PHILADELPHIA — More than 160 workers at a Philadelphia direct mail and printing company will receive $1.45 million in back wages and damages after a federal investigation found their employer and a staffing agency failed to pay overtime wages.
The U.S. Department of Labor's Wage and Hour Division conducted an investigation that resulted in a consent judgment, filed in U.S. District Court for the Eastern District of Pennsylvania, in which ICS Corp., New Century Integrity Corp. and its owner Hokkito Teddy agreed to pay 166 workers $725,583 in overtime wages, and an equal amount in liquidated damages. The investigation found ICS, New Century and Teddy employed the workers jointly.
"Temporary staffing agencies are valuable contributors to our economy," said Wage and Hour Division Administrator Dr. David Weil. "These agencies should not be used by employers to attempt to avoid their obligations under the law. Those who do will be held accountable, as today's action shows."
An investigation of direct mail processor ICS and two staffing companies it retained, found significant violations of the Fair Labor Standards Act. Violations included paying some workers in cash at straight time rates for all hours instead of paying overtime when employees worked beyond 40 hours in a workweek. Other employees, provided by New Century received checks for their first 40 hours from ICS. New Century then paid these employees in cash for their overtime hours at rates less than their regular pay. For example, a worker who received $13 per hour for his first 40 hours received $11 per hour in cash for overtime hours.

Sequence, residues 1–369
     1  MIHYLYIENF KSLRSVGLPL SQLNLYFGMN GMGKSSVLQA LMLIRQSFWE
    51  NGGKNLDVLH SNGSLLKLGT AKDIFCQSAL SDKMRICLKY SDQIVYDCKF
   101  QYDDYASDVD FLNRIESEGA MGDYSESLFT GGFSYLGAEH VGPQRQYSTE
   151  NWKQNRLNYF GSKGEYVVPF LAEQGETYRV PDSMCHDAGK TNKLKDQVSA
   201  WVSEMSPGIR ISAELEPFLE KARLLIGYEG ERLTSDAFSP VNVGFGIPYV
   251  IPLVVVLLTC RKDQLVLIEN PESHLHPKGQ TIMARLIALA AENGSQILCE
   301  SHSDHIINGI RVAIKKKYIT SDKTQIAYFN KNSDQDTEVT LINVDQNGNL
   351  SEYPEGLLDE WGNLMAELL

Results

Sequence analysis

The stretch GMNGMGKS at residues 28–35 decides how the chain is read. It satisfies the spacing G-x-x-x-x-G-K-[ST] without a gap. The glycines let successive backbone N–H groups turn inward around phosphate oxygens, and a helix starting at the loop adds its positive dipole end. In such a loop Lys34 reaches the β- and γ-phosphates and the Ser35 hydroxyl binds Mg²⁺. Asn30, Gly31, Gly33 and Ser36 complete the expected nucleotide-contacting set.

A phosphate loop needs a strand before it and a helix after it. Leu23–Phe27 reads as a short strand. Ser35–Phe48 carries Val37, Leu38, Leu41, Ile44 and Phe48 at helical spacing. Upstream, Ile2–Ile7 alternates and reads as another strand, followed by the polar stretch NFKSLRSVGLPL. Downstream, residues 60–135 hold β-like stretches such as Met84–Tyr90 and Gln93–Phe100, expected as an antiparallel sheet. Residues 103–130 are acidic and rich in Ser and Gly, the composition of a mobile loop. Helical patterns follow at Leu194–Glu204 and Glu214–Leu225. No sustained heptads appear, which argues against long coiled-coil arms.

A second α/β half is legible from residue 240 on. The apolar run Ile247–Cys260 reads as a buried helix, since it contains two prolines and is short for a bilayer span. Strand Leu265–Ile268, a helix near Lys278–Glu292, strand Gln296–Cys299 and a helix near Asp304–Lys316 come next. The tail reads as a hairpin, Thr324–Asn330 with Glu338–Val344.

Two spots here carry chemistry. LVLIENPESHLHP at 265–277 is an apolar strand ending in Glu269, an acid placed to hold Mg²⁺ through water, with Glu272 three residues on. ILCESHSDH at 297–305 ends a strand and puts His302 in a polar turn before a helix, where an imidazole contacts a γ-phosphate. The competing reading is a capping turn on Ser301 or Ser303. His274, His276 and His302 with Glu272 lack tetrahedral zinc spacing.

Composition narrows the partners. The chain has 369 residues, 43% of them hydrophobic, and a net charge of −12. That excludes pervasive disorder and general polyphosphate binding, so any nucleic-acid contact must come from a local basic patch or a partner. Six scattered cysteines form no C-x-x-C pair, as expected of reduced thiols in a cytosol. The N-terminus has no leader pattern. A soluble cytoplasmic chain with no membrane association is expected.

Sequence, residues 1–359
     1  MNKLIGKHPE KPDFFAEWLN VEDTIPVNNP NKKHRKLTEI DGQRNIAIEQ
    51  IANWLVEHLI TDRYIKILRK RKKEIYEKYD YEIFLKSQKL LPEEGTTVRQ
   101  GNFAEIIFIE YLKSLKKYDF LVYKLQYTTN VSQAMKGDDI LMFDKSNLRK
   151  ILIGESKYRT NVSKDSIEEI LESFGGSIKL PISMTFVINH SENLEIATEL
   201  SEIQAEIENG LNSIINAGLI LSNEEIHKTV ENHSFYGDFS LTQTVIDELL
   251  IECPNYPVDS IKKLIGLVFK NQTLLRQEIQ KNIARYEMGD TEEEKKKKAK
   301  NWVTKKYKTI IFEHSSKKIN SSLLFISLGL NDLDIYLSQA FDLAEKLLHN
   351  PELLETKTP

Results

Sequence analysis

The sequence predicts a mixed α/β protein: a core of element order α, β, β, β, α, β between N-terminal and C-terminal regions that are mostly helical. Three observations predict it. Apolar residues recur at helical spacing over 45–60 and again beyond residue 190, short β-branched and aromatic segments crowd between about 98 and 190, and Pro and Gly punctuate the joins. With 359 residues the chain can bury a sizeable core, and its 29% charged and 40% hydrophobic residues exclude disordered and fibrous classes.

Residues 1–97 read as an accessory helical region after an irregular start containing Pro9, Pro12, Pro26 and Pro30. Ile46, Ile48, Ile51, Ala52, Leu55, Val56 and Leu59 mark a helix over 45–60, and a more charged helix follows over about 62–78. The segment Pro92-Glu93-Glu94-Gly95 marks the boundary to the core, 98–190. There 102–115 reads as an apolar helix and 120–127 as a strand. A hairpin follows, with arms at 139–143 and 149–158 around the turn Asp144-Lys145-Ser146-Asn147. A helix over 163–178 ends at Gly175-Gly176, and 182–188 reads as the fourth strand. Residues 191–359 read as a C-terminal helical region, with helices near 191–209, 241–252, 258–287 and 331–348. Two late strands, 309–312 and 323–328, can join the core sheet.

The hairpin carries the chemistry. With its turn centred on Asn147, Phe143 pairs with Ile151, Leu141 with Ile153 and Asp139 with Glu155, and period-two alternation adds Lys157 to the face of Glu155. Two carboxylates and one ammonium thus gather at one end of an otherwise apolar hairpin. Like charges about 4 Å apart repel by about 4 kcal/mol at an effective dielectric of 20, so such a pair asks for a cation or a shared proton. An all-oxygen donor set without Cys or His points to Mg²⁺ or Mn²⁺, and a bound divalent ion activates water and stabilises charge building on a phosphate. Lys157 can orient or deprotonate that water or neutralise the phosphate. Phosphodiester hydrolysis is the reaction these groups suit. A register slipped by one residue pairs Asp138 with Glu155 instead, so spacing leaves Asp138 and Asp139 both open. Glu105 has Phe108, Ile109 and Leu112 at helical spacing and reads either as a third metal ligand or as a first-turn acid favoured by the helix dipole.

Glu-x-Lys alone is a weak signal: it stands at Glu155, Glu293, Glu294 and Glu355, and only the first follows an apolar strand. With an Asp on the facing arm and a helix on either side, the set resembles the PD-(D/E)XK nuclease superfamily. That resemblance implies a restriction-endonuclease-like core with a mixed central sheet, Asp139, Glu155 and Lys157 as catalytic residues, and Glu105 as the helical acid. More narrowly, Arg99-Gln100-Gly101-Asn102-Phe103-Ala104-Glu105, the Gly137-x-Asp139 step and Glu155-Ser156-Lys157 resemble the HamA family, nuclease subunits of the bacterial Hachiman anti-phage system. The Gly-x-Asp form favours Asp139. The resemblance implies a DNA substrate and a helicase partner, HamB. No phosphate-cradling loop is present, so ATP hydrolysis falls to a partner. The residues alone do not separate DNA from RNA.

Investigators also found that Richy Services Inc., a second staffing agency used by ICS, failed to produce time and payroll records.
In addition to back wages and damages, the consent judgment requires ICS to appoint a compliance officer to ensure that the company maintains proper records, and pays temporary workers in compliance with the FLSA.
"Companies that use temporary agencies have a responsibility and duty to pay legally required wages," said Oscar Hampton, the department's Regional Solicitor in Philadelphia. "ICS violated the law when it failed to pay its workers the wages they earned. The company cheated its employees and sought an unfair business advantage over competitors that abide by the law."
The FLSA requires that covered employees be paid at least the federal minimum wage of $7.25 per hour for all hours worked, plus time and one-half their regular rates, including commissions, bonuses and incentive pay for hours worked beyond 40 per week. Employers also must maintain accurate time and payroll records. The FLSA provides that employers who violate the law are liable to employees for their back wages and an equal amount in liquidated damages. Affected employees receive liquidated damages, as well.
The case was investigated by the Wage and Hour Division's Philadelphia District Office and litigated by attorneys in the Philadelphia Regional Solicitors Office.